What Will Wisconsin Look Like In The Future?

The "Yahara 2070" project uses science and storytelling to explore four possible scenarios.
Wild Wisconsin
“Felix heard a loud rustle on the shoreline that startled him into alertness. Cougars are known to stalk these shores, and even though he knew the odds that one would bother to jump in after him were miniscule, he couldn’t help but feel a sense of dread as he eyed the distance between himself and the pier, where his machete lay. Then, a trumpet-like noise bellowed from the trees, and the mammoth head of an elephant emerged. Phew, thought Felix. Just an elephant.” Copy, Jenny Siefert. Illustration, John Miller

Credit: Andy Soth/QUEST Wisconsin

Why is a Wisconsin scientist using science fiction-like stories to talk about global warming?

According to Quest, the public broadcasting science series, the goal of “Yahara 2070″ is to get local communities in the Yahara watershed, a 386 square-mile (1,000 square-kilometer) area surrounding Madison, into constructive discussions about adapting to the effects of climate disruption.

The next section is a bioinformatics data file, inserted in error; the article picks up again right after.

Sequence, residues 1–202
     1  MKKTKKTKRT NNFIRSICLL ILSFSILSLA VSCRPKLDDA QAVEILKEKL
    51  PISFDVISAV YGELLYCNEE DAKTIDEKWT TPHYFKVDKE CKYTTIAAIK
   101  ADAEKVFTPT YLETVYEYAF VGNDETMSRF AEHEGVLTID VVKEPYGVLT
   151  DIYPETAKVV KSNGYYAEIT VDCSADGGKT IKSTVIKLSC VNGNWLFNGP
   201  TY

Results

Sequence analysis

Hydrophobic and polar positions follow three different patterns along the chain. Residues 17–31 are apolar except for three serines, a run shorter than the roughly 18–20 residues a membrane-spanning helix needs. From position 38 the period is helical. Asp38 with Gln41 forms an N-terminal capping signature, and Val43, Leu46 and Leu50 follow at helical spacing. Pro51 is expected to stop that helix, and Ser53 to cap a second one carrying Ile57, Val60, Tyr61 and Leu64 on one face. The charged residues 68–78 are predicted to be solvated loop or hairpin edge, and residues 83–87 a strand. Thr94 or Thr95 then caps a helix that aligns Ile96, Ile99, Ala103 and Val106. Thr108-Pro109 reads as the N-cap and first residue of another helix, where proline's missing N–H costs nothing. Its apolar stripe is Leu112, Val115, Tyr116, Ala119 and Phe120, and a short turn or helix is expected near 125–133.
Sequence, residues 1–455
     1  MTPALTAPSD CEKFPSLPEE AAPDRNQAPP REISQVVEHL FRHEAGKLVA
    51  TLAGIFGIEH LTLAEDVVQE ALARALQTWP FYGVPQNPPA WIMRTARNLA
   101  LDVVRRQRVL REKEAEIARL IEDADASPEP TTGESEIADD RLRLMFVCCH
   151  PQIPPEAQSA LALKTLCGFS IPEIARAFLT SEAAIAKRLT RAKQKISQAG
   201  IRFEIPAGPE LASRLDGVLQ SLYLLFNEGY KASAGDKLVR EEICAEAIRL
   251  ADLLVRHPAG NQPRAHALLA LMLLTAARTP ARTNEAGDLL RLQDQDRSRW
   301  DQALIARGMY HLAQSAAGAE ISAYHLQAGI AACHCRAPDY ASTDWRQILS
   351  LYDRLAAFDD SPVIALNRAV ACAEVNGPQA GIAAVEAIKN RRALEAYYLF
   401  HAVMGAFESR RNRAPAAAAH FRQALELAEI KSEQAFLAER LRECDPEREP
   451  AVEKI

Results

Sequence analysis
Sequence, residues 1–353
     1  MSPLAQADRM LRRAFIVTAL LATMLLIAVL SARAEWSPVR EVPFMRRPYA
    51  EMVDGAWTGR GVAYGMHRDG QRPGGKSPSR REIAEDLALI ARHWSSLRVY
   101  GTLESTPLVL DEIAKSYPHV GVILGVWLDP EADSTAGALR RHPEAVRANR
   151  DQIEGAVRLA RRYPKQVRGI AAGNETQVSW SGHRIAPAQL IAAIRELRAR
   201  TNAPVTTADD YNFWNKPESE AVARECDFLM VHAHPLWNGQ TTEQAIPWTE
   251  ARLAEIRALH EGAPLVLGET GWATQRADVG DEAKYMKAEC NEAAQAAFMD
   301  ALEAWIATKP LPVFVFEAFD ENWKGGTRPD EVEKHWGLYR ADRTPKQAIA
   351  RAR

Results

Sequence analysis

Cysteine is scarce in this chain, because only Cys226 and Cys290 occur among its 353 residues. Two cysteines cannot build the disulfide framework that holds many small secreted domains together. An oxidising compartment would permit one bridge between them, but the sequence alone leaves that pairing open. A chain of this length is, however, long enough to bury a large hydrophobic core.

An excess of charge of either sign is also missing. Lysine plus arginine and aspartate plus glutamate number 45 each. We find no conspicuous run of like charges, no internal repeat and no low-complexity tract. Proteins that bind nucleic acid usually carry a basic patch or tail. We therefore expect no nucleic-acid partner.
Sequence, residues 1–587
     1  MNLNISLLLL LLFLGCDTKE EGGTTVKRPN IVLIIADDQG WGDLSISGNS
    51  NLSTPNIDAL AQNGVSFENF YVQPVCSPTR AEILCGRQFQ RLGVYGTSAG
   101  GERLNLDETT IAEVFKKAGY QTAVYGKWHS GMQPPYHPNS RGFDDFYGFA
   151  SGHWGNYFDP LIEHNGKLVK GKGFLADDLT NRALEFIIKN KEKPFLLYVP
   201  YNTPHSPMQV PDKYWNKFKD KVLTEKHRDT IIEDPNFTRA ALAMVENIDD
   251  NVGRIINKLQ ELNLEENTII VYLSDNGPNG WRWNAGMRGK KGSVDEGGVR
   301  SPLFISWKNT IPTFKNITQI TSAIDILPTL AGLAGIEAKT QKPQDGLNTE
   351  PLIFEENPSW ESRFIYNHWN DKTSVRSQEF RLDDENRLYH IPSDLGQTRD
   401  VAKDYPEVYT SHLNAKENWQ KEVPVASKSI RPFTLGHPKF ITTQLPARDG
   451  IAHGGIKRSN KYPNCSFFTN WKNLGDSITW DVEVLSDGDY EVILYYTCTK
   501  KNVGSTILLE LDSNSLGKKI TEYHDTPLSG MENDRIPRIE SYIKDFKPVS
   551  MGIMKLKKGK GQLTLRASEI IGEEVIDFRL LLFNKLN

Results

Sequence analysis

Rather than do it solely via the usual high-level scientific lingo, however, limnologist (fresh water scientist) Steve Carpenter worked with a writer and an illustrator to create four human-scale visions of the region’s future, based on the best current scientific data and trends, as well as interviews and workshops with people living in the watershed.

Each story features characters whose thoughts and experiences frame the conditions projected in the scenario.

The two additional scenarios explore other community and political transformations, such as redrawing local government boundaries to align with local watersheds, the better to manage drought and water scarcity.

This project is fascinating. It’s easy to imagine this approach creating constructive discussions on community resilience all over the United States. Click here to watch and read the whole thing.

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